Cloud Computing & Validation: 6 Key Recommendations

Randy Horton
Randy Horton
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The following is the second of a three-blog series on the Validated State. This content builds on ideas first presented by Randy Horton, Bernhard Kappe and Pat Baird of Philips at the AAMI ISC 2021 conference. Orthogonal and industry partners will continue to present on this subject at conferences in 2022. For more details, visit our Events page.

Links to each blog:

Introduction

Cloud computing is an ubiquitous tool in modern software. Though MedTech has been slow to adopt the cloud compared to other industries, the benefits that cloud computing provides to any industry’s software products are numerous. The cloud’s on-demand service scales across remotely accessed computers, so as demand increases, computing power increases without driving up costs. The flexibility of the cloud allows software to be updated and deployed at a rapid pace. And firms of any size can use it, bypassing the need for in-house, self-maintained (and costly) servers and data centers.

Third-party cloud providers are constantly reinvesting their profits and effort into improving what makes the cloud so valuable, to the benefit of their user base. But this persistent improvement is a double-edged sword for the MedTech industry. When a developer places their software on the cloud, they are giving up some amount of control of their software to the third-party provider. The environment in which their software runs is subject to updates, rollbacks and changes that providers can make on their schedule, as they constantly improve the security and enhance the functionality of their systems. MedTech developers running software with safety concerns can’t assume they’ll be notified of updates ahead of time – or that they’ll recognize a change after it’s been made.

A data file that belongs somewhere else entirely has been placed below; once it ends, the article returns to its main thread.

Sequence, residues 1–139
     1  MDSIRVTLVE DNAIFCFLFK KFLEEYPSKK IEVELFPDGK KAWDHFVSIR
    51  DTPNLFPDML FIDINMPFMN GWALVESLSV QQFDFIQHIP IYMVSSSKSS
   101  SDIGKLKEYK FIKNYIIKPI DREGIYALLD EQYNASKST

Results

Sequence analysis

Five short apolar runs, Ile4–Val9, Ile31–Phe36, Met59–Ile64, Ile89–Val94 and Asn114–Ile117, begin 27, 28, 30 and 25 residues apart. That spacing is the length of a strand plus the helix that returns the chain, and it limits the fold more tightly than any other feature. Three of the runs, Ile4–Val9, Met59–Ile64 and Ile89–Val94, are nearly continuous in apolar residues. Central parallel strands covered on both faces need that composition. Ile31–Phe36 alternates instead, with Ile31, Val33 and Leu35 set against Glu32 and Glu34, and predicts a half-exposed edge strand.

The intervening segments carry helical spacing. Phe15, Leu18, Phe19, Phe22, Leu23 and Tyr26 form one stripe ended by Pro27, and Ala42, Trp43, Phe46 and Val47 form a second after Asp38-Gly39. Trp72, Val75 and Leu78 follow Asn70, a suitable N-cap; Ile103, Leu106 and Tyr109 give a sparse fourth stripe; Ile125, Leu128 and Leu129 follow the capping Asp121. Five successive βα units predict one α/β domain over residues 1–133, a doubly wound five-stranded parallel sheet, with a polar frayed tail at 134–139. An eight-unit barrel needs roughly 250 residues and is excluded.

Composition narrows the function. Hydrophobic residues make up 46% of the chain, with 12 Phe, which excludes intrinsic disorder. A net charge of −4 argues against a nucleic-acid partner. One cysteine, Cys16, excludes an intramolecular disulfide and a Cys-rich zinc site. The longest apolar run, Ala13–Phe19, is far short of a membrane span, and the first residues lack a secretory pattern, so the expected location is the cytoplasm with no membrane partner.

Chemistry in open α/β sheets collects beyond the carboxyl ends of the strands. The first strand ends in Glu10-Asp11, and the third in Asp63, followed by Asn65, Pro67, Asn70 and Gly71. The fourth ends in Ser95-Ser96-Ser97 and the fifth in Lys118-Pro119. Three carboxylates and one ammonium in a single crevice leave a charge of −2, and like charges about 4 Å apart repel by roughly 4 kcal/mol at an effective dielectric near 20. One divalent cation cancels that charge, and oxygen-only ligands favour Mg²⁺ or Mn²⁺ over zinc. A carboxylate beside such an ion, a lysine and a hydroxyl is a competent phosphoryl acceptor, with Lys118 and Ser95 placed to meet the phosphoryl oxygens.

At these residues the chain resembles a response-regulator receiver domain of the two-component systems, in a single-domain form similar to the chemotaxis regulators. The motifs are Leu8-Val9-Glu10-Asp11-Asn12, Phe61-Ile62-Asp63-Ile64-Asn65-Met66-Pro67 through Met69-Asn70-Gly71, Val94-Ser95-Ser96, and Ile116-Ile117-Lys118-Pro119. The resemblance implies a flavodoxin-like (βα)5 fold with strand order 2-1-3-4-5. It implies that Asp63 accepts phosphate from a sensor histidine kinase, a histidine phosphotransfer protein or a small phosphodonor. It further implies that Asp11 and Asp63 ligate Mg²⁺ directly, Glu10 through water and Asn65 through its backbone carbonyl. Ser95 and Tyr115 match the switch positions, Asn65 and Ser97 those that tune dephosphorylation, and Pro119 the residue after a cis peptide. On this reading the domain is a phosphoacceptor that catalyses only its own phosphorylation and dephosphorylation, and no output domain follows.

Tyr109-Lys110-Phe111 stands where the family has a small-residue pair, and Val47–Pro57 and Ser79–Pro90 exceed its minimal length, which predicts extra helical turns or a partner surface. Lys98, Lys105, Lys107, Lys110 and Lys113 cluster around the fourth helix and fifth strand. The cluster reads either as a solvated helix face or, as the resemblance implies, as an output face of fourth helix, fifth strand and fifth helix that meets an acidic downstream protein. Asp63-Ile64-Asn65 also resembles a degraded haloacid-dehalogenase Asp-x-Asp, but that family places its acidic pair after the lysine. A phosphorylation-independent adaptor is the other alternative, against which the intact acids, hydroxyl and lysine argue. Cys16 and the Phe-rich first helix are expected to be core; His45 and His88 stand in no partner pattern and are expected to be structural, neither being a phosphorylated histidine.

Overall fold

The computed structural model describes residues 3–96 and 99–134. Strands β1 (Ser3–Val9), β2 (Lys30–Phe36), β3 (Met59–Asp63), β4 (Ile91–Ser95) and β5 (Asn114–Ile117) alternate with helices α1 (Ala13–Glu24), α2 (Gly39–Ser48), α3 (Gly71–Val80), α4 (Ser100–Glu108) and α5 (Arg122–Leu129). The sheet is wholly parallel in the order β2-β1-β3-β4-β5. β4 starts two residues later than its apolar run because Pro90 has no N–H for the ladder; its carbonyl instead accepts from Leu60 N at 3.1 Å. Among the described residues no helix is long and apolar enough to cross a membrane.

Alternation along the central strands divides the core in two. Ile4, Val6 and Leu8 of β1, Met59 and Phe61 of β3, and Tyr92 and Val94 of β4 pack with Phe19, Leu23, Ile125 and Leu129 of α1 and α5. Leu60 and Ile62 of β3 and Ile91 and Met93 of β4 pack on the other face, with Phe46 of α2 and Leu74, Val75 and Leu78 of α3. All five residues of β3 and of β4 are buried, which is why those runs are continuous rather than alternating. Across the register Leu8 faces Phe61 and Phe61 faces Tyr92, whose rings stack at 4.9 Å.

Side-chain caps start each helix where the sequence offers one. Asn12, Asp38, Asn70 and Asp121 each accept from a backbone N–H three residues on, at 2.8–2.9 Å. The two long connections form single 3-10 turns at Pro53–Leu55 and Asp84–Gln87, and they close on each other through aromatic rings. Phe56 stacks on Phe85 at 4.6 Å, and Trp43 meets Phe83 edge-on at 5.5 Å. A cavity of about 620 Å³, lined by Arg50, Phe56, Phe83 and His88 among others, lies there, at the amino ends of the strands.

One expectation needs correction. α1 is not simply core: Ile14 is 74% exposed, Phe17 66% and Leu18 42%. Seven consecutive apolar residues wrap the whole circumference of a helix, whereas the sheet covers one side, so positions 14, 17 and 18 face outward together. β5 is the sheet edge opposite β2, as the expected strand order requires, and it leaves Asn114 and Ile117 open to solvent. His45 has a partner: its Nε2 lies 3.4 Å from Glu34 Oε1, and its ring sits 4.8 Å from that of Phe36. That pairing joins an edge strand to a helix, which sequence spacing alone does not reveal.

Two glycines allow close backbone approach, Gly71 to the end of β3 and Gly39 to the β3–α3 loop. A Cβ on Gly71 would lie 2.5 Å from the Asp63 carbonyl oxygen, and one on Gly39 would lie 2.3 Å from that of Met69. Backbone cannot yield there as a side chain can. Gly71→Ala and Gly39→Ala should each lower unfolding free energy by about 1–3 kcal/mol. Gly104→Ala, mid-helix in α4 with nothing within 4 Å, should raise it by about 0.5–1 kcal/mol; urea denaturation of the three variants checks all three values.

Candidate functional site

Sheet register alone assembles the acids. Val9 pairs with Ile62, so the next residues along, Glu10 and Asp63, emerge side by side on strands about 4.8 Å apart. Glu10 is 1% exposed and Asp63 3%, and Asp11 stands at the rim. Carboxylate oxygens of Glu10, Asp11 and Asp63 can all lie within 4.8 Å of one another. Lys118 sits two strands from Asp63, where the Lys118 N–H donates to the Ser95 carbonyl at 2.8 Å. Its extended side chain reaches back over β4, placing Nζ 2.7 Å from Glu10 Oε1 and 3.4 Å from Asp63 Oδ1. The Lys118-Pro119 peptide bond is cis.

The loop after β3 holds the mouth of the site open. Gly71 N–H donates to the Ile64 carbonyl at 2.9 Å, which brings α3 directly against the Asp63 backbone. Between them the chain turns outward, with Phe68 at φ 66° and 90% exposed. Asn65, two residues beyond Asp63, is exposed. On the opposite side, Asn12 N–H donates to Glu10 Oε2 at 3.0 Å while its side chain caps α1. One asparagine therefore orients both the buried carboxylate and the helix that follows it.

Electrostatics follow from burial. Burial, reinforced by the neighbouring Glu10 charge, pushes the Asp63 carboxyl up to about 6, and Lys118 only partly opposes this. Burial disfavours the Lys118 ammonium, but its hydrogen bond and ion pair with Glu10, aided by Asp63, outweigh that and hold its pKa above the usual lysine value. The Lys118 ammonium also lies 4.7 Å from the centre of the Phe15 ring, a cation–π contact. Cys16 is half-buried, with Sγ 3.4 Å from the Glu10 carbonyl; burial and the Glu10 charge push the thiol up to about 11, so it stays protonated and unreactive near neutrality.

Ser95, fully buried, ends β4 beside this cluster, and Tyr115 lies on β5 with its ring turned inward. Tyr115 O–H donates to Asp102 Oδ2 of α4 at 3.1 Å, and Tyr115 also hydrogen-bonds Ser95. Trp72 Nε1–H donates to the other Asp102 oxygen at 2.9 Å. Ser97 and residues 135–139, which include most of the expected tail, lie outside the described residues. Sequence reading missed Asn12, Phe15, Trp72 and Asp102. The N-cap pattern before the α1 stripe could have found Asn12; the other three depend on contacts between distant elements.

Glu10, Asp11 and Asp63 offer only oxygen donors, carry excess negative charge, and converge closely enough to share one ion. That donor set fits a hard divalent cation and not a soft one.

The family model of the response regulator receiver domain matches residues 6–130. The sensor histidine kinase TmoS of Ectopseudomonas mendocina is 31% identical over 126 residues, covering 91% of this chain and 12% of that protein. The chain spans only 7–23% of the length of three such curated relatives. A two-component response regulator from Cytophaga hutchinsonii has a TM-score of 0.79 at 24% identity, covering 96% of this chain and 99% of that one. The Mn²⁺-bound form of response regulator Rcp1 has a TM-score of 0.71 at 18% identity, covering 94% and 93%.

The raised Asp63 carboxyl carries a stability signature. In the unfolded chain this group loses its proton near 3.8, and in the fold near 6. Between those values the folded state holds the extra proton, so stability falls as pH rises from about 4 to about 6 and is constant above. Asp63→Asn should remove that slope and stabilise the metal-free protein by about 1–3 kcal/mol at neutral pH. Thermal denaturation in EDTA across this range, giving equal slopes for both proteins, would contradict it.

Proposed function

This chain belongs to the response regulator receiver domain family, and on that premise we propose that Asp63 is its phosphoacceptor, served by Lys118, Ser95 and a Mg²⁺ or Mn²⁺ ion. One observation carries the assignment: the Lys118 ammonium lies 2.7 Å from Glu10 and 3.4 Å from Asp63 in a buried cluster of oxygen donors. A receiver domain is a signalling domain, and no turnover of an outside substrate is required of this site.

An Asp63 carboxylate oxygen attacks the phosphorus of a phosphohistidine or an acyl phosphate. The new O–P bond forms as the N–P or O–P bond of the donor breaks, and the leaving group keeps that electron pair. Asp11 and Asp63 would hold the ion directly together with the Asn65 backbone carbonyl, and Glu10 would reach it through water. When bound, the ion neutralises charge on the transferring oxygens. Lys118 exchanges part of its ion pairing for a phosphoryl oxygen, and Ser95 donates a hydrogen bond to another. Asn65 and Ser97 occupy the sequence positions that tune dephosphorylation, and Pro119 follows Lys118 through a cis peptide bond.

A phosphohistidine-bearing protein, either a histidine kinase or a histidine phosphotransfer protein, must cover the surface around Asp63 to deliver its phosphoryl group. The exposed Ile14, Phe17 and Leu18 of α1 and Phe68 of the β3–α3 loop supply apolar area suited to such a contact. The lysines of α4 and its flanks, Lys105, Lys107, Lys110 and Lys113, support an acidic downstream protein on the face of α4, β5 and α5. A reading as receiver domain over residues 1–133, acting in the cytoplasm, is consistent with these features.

Relinquishing control can be a frightening prospect for the MedTech industry because it challenges the long-held paradigm of software validation. When medical device software and quality systems are validated, developers are confident they are running as intended, according to industry standards and in line with assurances made to the FDA. 

Cloud providers can change the environment on a dime. We don’t have that flexibility; our changes have to be managed according to industry protocols. And when changes to the cloud introduce a bug or compromise our data, we’re in a unique position of potentially doing harm to the patients, clinicians and providers that use and prescribe our software. Software as a Medical Device (SaMD) is not going to achieve everything it could for improving patient outcomes if we cannot get past this issue. We need to find the sweet spot of taking advantage of the obvious benefits of cloud technology while mitigating risks.

At Orthogonal, we’ve pioneered the adoption of modern software development techniques in our industry. We’re pro-cloud – generally and for medical devices. In addition to over a decade of working on medical devices, our legacy includes developing cloud-based software within a year of the introduction of Amazon’s pioneering AWS. That’s why we, along with a team of industry experts, formed an AAMI Consensus Report Task Group to tackle this issue.

The Consensus Report

AAMI CR:510:2021, Appropriate use of public cloud computing for quality systems and medical devices, seeks to answer the question: How can we maintain a validated state for our software when it is on a third-party computing platform that we do not fully control? The Task Group considered all of the benefits of the cloud and all of the challenges it raises, and determined that, given the circumstances, a continuously validated state cannot be achieved. Rather, the best that could be achieved is an intermittently validated state.